In 2007, under the watch of insolently lounging house cats in a Northern California living room, I opened the lids of four battered cardboard boxes. Out rushed the smell of a vanished world: a physician’s patient records and hand-written notes untouched for decades, disintegrating photographs, stale cigarette smoke, x-ray images of Adolf Hitler’s skull, wax-sealed packets of narcotics, and allegedly poisoned food. The boxes exhaled the air of Nuremberg, Germany, from 1945 to 1946, when 22 of the top Nazi leaders awaited and began their trial by an International Tribunal. The author of the materials in these boxes, US Army psychiatrist Douglas M. Kelley, was the first mental health expert to examine the Nazi prisoners.
I arrived to look at the boxes at the invitation of Kelley’s son. In August 1945, his father had received orders to go to a hotel in Luxembourg converted into a temporary prison, where Kelley met such infamous Nazi leaders as Hermann Göring, Joachim von Ribbentrop, Julius Streicher, Ernst Kaltenbrunner, and Karl Dönitz. Dr. Kelley’s assignment was to certify their mental competence for the trial to come. Just 33 and supremely confident in his abilities, the psychiatrist had more ambitious plans for his time spent with the men widely regarded as the worst criminals of the twentieth century. He wanted to discover the essence of the “Nazi personality.” If he could identify mental disorders and psychological traits common to the Nazi leaders, he could point to others among us capable of committing similar crimes.
“I am quite certain that there are people even in America who would willingly climb over the corpses of half of the American public if they could gain control of the other half.”
After the U.S. military moved the Nazis to a jail in the Palace of Justice complex in Nuremberg, Kelley gave them a battery of Rorschach inkblot tests, among other assessments. He spent hundreds of hours talking with the Nazis in their cells, probing their past, motivations, and psyches. He assessed all of the 22 defendants, including Deputy Führer Rudolf Hess, who feigned amnesia and held a paranoiac belief that his jailers were giving him poisoned food. Kelley felt most intrigued, though, by the remorseless Göring — long Hitler’s second in command — whose charm, intelligence, and culture made Kelley wonder how such a man could so absolutely lack a conscience. Looking into the Nazi’s eyes, the physician often saw something of himself. Kelley and Göring forged a bond based on mutual respect for their shared brainpower and skills as master manipulators. Each used the other: Kelley helped Göring end his longtime addiction to the narcotic paracodeine and pass letters to his family, and Göring aided Kelley’s understanding of the complexities of the Nazi character.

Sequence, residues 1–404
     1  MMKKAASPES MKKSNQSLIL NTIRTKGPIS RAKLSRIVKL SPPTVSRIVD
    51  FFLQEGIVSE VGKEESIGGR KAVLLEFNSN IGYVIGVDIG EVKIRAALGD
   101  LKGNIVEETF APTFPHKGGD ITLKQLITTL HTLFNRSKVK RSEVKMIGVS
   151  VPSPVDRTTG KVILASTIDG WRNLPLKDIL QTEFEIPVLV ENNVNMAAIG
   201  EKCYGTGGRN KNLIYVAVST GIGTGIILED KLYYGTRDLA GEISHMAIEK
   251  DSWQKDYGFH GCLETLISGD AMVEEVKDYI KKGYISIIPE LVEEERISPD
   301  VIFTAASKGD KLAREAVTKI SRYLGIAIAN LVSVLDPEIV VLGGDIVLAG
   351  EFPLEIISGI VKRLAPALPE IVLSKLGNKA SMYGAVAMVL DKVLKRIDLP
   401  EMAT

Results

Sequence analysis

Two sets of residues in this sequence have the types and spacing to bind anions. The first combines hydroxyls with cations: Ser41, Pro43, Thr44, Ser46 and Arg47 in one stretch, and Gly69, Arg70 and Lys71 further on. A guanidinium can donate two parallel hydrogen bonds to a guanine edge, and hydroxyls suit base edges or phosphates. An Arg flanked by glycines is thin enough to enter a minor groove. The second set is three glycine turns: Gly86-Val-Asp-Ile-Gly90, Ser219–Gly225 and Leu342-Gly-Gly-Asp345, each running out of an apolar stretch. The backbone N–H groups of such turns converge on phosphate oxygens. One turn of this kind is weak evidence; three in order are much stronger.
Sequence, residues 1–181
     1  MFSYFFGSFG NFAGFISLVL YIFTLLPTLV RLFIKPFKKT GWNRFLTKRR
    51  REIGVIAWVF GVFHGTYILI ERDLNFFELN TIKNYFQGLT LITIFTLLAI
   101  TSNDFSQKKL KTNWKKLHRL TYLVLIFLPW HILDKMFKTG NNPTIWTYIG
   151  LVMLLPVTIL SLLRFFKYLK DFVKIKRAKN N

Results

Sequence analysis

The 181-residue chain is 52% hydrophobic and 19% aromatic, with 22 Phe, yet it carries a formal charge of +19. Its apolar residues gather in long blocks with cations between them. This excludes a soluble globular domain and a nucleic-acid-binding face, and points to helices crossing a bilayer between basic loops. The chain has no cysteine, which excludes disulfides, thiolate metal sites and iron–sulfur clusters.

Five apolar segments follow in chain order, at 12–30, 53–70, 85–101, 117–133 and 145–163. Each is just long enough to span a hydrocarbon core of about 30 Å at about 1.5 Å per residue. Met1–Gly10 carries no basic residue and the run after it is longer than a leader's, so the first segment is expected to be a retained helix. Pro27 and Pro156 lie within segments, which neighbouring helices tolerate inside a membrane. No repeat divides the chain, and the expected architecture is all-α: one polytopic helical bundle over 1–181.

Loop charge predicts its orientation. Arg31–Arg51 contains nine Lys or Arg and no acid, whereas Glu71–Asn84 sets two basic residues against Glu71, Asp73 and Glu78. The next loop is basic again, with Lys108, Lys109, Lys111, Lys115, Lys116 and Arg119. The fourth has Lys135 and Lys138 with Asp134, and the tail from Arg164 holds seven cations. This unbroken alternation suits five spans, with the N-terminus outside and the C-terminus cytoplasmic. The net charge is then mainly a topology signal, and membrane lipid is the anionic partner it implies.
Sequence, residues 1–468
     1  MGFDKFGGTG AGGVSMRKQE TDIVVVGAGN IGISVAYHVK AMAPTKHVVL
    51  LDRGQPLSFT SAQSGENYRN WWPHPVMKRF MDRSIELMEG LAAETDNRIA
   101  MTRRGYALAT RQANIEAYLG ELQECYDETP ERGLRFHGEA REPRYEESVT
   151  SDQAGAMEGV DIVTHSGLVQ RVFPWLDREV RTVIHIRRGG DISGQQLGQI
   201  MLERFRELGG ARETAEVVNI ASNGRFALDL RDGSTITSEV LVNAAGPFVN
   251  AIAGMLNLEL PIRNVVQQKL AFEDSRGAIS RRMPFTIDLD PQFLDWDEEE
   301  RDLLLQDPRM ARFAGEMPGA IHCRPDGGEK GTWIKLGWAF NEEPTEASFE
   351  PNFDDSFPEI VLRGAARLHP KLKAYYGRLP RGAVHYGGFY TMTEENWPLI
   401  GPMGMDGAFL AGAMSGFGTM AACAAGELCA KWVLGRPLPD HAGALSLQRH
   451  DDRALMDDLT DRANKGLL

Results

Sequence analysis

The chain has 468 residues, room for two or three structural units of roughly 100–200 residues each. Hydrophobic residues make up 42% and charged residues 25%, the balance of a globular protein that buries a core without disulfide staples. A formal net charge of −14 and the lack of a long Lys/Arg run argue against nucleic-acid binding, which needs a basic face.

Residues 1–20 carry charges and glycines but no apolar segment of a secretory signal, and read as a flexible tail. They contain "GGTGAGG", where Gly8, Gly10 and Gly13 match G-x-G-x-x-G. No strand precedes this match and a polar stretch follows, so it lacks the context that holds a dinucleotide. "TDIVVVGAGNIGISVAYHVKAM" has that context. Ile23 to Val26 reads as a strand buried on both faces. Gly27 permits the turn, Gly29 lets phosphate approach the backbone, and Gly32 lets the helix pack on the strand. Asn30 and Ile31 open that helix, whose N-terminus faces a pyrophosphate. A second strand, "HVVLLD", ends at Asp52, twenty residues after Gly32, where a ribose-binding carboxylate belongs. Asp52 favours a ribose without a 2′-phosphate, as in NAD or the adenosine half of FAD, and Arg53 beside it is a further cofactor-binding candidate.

When the trial began in November 1945, Kelley had already started to reach conclusions about the Nazi personality. None existed, he believed. The Nazis were psychologically normal. Nazi evil was not only banal, as Hannah Arendt later asserted, but its potential was widespread, especially in American politics and business. “I am quite certain that there are people even in America who would willingly climb over the corpses of half of the American public if they could gain control of the other half,” he said.
These conclusions unnerved Kelley and eventually led him to change the focus of his career from psychiatry to criminology. His personal connection with Göring rattled him even more deeply, and as Kelley fell into alcoholism, workaholism, and depression, he faced his own capacity for evil.
Kelley’s study of evil had turned into something personal. In Kelley’s mind, Göring had possessed a combustive mix of admirable and atrocious qualities, many of which the psychiatrist shared. On New Year’s Day 1958, standing in front of his family, Kelley took his life by gulping cyanide, just as Göring had done a dozen years earlier. What the psychiatrist had learned from the Nazis about human behavior was appalling. What he discovered about himself hurt more.